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Page:Popular Science Monthly Volume 73.djvu/524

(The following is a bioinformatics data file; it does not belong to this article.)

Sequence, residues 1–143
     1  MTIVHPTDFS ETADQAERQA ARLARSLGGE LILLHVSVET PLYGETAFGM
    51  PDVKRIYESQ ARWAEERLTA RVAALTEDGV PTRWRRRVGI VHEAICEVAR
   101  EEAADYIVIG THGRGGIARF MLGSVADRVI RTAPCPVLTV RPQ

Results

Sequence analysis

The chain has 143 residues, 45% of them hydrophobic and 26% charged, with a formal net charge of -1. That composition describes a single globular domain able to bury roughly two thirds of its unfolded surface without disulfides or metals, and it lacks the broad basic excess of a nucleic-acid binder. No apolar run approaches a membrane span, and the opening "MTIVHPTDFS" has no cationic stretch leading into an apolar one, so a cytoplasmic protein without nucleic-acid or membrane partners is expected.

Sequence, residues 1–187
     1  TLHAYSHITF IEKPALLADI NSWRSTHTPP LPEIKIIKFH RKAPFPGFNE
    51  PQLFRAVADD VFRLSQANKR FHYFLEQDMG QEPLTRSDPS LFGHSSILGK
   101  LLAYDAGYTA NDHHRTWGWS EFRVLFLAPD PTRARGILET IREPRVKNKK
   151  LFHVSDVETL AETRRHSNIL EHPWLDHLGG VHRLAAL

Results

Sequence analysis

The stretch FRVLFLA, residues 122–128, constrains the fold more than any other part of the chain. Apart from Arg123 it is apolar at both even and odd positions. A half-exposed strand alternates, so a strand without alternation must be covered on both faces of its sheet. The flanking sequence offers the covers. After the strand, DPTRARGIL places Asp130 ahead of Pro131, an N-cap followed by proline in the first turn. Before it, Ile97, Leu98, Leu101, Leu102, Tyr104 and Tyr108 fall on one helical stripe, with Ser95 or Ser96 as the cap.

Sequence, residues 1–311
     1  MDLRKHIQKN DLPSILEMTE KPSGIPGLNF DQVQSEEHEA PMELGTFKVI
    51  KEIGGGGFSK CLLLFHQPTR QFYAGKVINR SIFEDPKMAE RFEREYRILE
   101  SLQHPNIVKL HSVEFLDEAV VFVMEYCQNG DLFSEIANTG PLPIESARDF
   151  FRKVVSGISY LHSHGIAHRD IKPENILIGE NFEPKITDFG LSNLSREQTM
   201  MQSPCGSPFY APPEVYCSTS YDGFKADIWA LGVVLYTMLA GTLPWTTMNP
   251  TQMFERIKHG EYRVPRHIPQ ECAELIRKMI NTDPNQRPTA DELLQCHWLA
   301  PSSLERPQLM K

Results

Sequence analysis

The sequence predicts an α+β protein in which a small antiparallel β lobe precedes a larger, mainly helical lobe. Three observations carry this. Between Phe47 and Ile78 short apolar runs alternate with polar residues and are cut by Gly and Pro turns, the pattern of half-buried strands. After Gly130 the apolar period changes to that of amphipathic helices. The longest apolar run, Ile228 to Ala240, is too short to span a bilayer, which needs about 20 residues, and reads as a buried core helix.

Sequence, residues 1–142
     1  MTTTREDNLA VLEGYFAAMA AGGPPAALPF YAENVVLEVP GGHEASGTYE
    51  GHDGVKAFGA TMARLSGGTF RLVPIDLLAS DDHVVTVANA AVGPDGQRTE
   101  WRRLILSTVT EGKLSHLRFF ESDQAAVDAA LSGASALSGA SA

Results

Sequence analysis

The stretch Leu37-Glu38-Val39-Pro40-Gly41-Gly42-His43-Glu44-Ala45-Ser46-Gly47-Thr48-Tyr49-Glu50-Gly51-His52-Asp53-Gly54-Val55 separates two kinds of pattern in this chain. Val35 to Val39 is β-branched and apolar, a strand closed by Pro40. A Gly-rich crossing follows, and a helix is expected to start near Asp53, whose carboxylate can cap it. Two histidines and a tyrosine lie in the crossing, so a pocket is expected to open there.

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training. Each community is but a microcosm of the whole human race, which, as I have endeavored to show, is bound by the same laws as the rest of the animal kingdom. One race becomes a master because of its superior physique, courage, brain power and morale; another sinks in the struggle or lags behind owing to its inferiority in the very qualities which have given the mastery to its rival. What is true of master races in relation to inferior races is equally true of the individuals in each community. The middle and upper classes are in the main sprung from ancestors with better physique, courage and morale, and who have generation after generation been brought up in a better moral atmosphere than the children of the masses. Their ranks are also continually being reinforced by the best of the working classes. But this is not due to any educational ladder provided in modern times, for the process has always been at work, though of course its action has been distinctly aided by modern legislation. Medieval history supplies many examples of those who, though sprung from the humblest parents, rose to high place in church and state. This was not due to any legislative enactments, but rather to a principle well known in the whole field of nature. Every one knows that the superior varieties of flowers and vegetables are commonly the "sports," as they are termed, from inferior species. The skillful gardener watches carefully for good "sports," for they may become very valuable additions to his répertoire of useful plants. So, too, the legislator must watch carefully for good human "sports," not for those with criminal propensities. In the medieval world the church provided a ladder by which the son of the peasant could rise to be the counsellor of kings and princes. In modern times the state provides an educational ladder by which the child of the humblest parents may rise, if it has the capacity, to the highest positions in the community. It is right—nay, essential—that such a ladder should be provided, but this ladder is not for the mass of children. The vast majority can never climb beyond its lowest rung, owing to their heredity, and in a less degree to their home environment. The ladder is for the good "sports," who by its aid are thus continually reinforcing with fresh blood the ranks of the middle and upper classes. It may be said that I underrate the number of the good "sports." Of course it is very difficult to get any exact statistics on so complex a subject; but according to information which I have obtained from one of our great industrial centers, where the educational ladder enables any child who passes the fourth standard in the primary schools before it is eleven to rise into the secondary schools, it is probable that no more than 5 or 6 per cent, of the children of the working classes have at the age of sixteen the same amount of brain power as the average children of the middle classes at the same age. But even all this 5 or 6 per cent, of "sports" can not be credited to parents of the working class